FOMC Minutes Suggest QE Tapering by Year-End
The minutes for June’s meeting of the Federal Open Market Committee (FOMC) suggest that committee members are mostly in agreement that the current quantitative easing program (QE) should begin winding down by year end, but the committee minutes are very clear concerning the committee’s intention to monitor inflation and ongoing economic and financial developments before taking action to reduce the current rate of QE.
The Fed currently purchases $85 billion monthly in Treasury securities and mortgage-backed securities (MBS). Investors fear that if the Fed rolls back QE too soon or too fast, it could cause long term interest rates such as mortgage rates to rise faster.
The Fed minutes indicate that factors the Fed will continue monitoring before making changes to QE include:
- Labor market conditions
- Indicators of inflationary pressures
- Readings on financial developments
FOMC members also agreed that the Fed would not sell MBS it has accumulated after the economic support program ceases. When the Fed ceases QE, demand for mortgage-backed securities is expected to fall. If the Fed were to sell off MBS holdings in addition to stopping QE, MBS prices could fall sharply. In general, when MBS prices fall, mortgage rates rise.
The FOMC minutes indicate that the Fed intends to maintain the Federal Funds rate at 0.000 to 0.250 percent “for a considerable time after the monthly asset purchases cease.” To be clear, the minutes do not reveal any specific dates for starting to wind down the program.
Concerns over financial conditions in Europe highlight the Fed’s intention to monitor global economic developments were discussed. Potential “spillover” of negative sentiments in response to Europe’s economic woes to U.S. financial markets were seen as a potential threat to the U.S. economic recovery.
Committee members found that although the economy showed moderate improvement since its last meeting, the national unemployment rate remains high at 7.60 percent. Members also noted that the numbers of long-term unemployed and those working part time jobs but wanting full time jobs remain higher than average. These conditions traditionally keep consumers from buying homes.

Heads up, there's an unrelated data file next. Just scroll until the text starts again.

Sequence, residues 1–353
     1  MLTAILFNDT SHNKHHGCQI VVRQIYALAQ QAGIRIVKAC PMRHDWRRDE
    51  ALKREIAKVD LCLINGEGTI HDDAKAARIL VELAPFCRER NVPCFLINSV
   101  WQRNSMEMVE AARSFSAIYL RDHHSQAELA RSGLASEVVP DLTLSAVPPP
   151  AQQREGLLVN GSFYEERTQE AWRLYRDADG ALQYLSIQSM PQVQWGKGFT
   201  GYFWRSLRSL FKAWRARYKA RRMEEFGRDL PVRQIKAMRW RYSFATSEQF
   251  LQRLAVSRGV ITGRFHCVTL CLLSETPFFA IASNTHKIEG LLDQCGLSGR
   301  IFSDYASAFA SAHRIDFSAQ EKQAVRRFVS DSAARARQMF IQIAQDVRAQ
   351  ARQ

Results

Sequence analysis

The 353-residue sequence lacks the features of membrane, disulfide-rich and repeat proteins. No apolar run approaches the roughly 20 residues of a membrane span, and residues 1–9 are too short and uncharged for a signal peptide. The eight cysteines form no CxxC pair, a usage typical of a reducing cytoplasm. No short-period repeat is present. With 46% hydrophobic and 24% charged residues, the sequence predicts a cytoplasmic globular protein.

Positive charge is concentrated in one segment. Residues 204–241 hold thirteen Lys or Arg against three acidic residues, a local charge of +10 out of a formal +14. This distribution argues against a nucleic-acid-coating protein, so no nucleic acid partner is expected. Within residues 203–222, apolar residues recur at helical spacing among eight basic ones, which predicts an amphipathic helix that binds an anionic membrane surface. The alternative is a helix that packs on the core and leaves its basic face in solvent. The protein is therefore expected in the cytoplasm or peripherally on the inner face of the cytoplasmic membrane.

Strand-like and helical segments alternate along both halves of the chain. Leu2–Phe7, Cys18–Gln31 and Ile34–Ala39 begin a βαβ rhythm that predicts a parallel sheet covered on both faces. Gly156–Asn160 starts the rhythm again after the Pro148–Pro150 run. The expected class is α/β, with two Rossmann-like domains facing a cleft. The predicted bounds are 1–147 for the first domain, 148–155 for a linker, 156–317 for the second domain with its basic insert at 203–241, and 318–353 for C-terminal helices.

Housing: Upside-Down Mortgages Decreasing
Due to rapid increases in home values, the committee noted that fewer homeowners were under water on their mortgage loans. This is good news as homeowners can rebuild household wealth as their home equity increases. Having home equity also provides homeowners with the flexibility to sell or refinance their homes.
While housing is driving the economic recovery, high unemployment will likely keep the Fed from changing its QE policy in the short term.
Now may be a very good time to take advantage of still historically low mortgage interest rates before they rise. If you have specific questions on purchasing or refinancing your home mortgage loan and how these changes may affect you, please contact your trusted mortgage professional today.
Last week was jam-packed with economic news; here are some highlights with emphasis on housing and mortgage related news:
Monday: Retail sales for April increased to -0.1 percent from the March reading of -0.5 percent and also surpassed Wall Street’s downward forecast of -0.6 percent. Retail sales are important to economic recovery as sales of goods and services represent approximately 70 percent of the U.S. economy.
Tuesday: The National Federation of Independent Business (NFIB) released its Small Business Optimism Index for April with encouraging results. April’s index rose by 2.6 points to 92.1. A reading of 90.7 indicates economic recovery. This index is based on a survey of 1873 NFIB member businesses.
Wednesday: The National Association of Home Builders/Wells Fargo Housing Market Index (HMI) for May matched investor expectations with a reading of 44. At three points above the March reading of 41, this report suggests that builders are slowly gaining confidence in national housing markets.
Thursday: The U.S. Commerce Department reported that Housing Starts fell by 16.5 percent in April to a seasonally-adjusted annual level of 853,000 from 1.02 million housing starts in March. This reading fell short of investors’ consensus of 965,000 housing starts, however, this decrease was caused by the volatile apartment construction sector.
Friday: Consumer sentiment for May surpassed investor expectations of +0.3 percent and came in at +0.6 percent. As consumer sentiment improves, it’s likely that more consumers will buy homes.
Rising Interest Rates Show Strengthening Economy
Mortgage rates rose last week according to Freddie Mac. The average rate for a 30-year fixed rate mortgage rose from 3.42 percent to 3.51 percent with borrowers paying 0.70 in discount points and all of their closing costs.
15-year fixed rate mortgages rose from 2.61 percent last week to 2.69 percent this week with borrowers paying 0.70 in discount points and all of their closing costs.
This news is consistent with a strengthening economy, but is narrowing opportunities for home buyers seeking both affordable home prices and low mortgage rates.
Federal Open Market Committee Minutes To Be Released This Week